- Have you unsuccessfully tried setting rules (like cheat meals/days) about certain foods, but been unsuccessful?
- Do you feel unable to control your consumption of certain foods, despite knowing that they are causing you physical harm (includes weight gain)?
These are all typical symptoms of food addiction.
If you can relate to this, then you DO have a serious problem and you better start doing something about it, or it will only get worse and end up ruining your health.
During my years of battling addiction, I learned many things that have stuck with me.
The most important lesson I learned is called the law of addiction:
"Administration of a drug to an addict will cause reestablishment of chemical dependence upon the addictive substance."
An ex-smoker who has a puff of a cigarette will become instantly addicted again and might be back to a pack-a-day habit the next day.
An alcoholic who has a sip of beer will relapse... with all the horrible consequences that follow. One sip can ruin an alcoholic's life.
I am personally convinced that junk food addiction is no different. One bite, one "cheat" - that's all it takes.
A food addict that has been abstinent for a long time and decides to indulge "just once" will relapse and start eating that food more frequently again.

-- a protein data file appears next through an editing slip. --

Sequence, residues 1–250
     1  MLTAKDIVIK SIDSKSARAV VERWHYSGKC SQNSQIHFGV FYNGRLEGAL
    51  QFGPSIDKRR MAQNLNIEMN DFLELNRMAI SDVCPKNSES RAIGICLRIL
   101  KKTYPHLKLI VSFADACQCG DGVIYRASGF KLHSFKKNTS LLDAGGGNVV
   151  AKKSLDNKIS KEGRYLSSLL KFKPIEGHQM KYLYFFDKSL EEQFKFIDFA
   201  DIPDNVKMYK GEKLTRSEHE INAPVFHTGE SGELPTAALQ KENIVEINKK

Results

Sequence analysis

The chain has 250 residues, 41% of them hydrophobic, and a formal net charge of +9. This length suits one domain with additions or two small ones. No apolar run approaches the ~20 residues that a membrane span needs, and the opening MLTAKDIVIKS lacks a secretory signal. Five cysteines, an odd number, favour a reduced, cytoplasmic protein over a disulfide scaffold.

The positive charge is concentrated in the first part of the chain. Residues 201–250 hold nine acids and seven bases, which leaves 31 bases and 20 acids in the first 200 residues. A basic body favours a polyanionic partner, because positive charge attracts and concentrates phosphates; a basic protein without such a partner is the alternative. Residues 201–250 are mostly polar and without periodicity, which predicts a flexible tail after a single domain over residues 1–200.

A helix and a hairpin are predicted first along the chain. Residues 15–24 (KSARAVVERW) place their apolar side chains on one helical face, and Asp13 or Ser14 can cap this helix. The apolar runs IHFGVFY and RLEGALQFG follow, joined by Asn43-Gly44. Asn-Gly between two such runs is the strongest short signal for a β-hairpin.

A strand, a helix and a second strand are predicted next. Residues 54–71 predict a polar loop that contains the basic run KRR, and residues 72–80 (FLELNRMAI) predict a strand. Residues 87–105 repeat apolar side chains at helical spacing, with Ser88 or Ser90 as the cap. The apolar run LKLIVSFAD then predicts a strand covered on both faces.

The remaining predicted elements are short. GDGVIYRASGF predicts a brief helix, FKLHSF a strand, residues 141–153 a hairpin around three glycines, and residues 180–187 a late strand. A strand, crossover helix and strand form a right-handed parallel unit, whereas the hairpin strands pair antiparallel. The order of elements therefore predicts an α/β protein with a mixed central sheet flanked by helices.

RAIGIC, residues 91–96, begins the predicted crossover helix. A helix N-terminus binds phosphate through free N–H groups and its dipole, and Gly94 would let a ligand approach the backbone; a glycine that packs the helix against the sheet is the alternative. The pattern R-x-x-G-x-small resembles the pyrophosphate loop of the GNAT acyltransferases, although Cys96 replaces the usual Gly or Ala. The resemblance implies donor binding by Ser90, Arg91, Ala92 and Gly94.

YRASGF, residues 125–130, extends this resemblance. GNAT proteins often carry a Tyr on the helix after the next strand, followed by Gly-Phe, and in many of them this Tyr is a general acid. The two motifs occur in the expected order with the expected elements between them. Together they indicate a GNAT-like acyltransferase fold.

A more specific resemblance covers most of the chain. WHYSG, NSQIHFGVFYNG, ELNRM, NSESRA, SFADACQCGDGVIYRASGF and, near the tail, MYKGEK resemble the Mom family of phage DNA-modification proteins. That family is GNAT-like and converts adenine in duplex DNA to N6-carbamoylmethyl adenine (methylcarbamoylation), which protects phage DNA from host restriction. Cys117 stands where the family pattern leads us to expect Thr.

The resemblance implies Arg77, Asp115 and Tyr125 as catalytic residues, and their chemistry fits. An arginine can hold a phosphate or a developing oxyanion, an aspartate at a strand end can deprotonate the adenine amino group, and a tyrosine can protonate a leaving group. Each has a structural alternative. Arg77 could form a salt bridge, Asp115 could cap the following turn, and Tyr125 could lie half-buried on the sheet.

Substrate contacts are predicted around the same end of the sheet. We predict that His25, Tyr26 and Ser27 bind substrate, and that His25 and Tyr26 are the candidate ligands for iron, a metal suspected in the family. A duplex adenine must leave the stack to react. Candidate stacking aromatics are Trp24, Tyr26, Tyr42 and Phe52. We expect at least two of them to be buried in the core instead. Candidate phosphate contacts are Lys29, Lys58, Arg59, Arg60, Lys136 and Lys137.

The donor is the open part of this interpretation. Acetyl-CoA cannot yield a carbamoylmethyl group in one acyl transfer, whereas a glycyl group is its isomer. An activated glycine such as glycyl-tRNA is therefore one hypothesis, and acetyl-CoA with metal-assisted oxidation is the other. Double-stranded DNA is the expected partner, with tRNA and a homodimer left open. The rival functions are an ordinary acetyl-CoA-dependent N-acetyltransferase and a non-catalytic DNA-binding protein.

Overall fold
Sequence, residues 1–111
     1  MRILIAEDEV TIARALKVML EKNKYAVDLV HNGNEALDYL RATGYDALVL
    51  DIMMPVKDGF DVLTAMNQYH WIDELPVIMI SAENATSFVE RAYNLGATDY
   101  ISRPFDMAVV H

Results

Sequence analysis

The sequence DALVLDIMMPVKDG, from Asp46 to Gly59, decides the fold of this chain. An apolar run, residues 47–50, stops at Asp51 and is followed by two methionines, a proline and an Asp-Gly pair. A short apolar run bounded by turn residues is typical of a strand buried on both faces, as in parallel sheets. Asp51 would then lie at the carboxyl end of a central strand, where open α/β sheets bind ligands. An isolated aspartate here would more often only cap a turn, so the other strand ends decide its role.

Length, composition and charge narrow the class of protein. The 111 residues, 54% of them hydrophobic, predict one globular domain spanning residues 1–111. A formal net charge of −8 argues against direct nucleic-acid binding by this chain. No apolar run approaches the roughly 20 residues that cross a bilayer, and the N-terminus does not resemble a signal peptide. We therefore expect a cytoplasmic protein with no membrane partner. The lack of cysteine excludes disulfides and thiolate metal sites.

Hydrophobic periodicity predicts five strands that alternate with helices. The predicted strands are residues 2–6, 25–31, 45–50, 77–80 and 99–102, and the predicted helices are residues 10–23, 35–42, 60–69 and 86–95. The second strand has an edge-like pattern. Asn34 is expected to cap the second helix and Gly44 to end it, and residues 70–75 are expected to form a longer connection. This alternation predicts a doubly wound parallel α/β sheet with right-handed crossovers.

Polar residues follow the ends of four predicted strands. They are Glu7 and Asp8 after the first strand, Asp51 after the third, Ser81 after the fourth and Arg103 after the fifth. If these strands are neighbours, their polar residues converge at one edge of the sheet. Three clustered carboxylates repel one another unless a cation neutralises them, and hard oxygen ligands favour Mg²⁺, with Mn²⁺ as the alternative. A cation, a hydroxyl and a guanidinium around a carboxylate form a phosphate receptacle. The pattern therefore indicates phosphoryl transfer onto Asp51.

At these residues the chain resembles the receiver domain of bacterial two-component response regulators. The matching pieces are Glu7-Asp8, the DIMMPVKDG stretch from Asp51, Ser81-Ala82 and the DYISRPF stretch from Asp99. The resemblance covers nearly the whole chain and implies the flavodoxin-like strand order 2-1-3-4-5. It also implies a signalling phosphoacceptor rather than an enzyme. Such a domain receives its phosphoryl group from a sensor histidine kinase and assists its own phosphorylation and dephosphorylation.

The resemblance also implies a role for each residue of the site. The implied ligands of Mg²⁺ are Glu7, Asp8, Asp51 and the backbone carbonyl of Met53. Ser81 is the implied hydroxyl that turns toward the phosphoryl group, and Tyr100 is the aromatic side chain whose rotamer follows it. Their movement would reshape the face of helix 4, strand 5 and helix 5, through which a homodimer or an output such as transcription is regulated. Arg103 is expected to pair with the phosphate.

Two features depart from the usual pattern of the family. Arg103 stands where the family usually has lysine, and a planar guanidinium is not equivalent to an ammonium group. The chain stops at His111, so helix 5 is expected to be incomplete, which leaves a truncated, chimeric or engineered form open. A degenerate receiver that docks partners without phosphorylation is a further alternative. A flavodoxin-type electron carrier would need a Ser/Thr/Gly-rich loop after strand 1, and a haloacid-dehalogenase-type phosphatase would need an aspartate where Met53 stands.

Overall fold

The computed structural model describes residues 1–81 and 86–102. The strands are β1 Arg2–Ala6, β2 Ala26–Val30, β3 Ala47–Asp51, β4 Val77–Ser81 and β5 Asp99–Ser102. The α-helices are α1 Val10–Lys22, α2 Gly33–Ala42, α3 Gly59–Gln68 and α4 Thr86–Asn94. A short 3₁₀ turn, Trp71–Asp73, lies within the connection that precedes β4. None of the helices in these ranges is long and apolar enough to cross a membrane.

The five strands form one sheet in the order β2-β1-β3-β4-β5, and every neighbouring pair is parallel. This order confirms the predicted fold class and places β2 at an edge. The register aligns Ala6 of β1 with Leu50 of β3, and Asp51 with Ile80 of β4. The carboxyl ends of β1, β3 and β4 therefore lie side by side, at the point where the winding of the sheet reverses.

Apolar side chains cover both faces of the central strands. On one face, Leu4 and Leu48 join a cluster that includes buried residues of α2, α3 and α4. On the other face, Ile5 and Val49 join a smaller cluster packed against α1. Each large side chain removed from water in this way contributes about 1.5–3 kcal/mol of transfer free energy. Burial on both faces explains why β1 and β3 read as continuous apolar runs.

Many people with a history of yo-yo dieting will be able to relate to this.
Although some food addicts may be able to control their consumption while they are highly motivated, these "cheats" or occasional indulgences will quickly turn into more regular habits when the motivation runs out.
Many nutrition professionals argue against "extreme" approaches like completely eliminating junk food from the diet.
They often say that people should make en effort to include these foods in their life, only in small amounts (the "everything in moderation" mantra).
Although this approach may be reasonable for some people, it is a complete disaster for people with food addiction.
When it comes to addiction, moderation fails. Every single time. There is no reason to believe that food addiction is different.